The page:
On 8 Mar 2016, at 8:11 PM, Martin Thomson <[email protected]> wrote:
> On 8 March 2016 at 18:45, Mark Nottingham <[email protected]> wrote:
>> I've seen CPs that ask for Facebook username and password, but NOT over HTTPS, and not to a Facebook domain (IIRC); it's more of a user education / security UX problem than anything.
> That's perhaps an extreme - and horrific - example of what I thought
> you intended here.
> Loading a real browser allows a CP to close the loop with tracking
> bugs. That is less offensive, though to what degree might depend on
> where you sit.
> There are probably plenty of potentially relevant reasons too. For
> example, a network operator might simply want to authorize one set of
> users (their paying customers) over others. A sandbox in that context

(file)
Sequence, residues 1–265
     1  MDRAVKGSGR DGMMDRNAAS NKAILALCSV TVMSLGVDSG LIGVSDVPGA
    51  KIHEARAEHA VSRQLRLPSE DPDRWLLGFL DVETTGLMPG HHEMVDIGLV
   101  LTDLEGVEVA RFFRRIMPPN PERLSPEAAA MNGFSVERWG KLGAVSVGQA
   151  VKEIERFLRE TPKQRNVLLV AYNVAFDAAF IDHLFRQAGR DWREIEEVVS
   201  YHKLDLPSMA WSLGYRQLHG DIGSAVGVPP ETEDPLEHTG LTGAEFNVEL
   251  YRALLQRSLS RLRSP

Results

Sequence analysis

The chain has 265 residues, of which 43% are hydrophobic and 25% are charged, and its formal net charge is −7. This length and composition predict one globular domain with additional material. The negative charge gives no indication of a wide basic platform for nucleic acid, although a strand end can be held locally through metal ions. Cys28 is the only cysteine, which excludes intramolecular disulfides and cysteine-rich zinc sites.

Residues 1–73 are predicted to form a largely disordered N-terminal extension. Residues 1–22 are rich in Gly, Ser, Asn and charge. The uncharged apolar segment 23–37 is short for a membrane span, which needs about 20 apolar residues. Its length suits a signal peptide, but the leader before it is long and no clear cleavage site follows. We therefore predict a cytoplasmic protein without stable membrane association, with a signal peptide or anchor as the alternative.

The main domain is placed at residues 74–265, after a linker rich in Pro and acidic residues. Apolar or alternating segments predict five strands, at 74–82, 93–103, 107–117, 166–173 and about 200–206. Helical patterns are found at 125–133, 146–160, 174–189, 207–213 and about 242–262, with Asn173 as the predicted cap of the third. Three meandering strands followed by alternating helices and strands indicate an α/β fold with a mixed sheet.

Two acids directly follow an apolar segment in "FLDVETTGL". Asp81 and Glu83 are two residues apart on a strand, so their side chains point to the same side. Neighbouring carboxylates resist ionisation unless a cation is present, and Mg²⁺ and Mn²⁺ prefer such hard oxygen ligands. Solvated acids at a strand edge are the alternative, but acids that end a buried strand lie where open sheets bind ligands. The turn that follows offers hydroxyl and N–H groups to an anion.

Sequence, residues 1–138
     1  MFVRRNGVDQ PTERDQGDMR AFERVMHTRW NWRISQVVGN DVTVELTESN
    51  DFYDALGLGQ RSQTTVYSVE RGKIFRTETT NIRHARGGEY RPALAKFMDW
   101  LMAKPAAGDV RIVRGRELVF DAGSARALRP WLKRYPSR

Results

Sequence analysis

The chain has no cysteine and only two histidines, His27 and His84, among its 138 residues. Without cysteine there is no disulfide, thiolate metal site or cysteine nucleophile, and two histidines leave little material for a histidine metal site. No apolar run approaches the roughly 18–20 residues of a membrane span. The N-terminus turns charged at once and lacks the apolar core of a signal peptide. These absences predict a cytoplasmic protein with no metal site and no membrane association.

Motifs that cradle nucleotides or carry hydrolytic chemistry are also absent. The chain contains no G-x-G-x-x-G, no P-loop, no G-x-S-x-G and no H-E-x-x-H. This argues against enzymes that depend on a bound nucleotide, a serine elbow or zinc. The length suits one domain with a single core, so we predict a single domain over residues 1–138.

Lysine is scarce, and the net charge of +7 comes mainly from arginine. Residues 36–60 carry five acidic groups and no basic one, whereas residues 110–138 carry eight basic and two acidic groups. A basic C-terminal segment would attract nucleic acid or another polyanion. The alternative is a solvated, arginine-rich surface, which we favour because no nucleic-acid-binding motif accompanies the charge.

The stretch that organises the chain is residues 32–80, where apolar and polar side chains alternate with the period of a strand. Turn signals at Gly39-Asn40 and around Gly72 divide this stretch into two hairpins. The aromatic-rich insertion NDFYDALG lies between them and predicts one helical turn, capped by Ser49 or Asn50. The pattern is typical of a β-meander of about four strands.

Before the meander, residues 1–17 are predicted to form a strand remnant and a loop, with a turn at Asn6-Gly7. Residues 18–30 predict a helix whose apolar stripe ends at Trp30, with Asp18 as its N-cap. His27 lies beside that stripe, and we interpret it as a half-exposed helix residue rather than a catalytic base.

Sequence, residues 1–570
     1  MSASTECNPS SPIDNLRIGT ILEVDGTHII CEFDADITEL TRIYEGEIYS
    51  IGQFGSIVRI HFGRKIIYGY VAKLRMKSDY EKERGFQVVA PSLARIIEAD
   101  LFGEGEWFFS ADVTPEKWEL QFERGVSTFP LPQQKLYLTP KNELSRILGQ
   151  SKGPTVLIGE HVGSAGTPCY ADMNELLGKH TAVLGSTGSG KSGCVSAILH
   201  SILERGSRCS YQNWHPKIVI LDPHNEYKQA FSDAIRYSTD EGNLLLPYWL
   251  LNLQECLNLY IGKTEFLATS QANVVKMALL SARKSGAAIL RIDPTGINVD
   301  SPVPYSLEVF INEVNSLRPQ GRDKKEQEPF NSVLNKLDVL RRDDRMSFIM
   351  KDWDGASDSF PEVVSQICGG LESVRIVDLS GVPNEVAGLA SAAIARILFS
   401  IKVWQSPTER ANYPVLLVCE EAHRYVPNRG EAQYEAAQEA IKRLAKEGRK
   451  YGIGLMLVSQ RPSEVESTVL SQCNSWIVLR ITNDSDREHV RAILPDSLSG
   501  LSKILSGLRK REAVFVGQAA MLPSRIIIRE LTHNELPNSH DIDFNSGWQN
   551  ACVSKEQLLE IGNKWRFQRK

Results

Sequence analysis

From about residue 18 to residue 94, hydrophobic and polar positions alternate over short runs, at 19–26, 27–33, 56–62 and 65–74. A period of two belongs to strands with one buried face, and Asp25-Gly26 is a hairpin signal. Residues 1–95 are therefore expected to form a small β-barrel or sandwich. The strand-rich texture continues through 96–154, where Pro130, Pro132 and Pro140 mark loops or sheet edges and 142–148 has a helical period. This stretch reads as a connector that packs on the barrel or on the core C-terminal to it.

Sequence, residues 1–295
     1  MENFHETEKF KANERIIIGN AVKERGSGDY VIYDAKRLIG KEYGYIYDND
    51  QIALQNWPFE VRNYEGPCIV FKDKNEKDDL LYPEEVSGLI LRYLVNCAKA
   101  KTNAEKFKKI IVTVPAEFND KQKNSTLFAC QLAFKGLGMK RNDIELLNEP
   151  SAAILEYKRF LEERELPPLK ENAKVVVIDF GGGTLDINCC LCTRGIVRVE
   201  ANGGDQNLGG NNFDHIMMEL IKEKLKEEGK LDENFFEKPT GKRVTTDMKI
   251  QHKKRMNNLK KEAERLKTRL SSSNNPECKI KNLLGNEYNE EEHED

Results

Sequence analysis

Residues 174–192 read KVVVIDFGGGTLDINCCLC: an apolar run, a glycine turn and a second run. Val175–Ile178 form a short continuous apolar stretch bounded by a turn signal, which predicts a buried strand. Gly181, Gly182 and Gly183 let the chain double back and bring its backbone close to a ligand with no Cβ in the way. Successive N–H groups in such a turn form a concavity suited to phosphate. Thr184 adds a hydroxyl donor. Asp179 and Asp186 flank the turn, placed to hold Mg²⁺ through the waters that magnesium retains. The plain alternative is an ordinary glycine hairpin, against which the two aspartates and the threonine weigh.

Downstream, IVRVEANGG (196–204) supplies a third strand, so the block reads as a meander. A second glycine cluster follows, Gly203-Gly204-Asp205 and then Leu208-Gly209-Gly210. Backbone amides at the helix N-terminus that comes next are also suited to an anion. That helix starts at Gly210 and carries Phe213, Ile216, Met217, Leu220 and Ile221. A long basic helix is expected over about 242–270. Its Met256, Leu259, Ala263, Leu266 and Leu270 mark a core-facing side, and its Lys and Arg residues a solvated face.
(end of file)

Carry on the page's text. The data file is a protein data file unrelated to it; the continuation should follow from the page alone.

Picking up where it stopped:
> represents a hurdle for their users, who can't rely on cookies or
> other preexisting state. The sandbox then has security drawbacks in
> that it encourages users to pick less secure passwords.
One aspect that's potentially different is that current CP detection implementations (going to add a term for that :) can be automatically triggered; if the OS recognises a SSID ("ATTWifi", anyone?), it'll pop up a window.
Without sandboxing, that means the network gets tracking data without any user intent in a very common case. An attacker can also spoof a common SSID to gather such data.
Of course, OSs could stop automatically joining Wifi networks, but that would make for a lot of unhappy users...
Mark Nottingham https://www.mnot.net/
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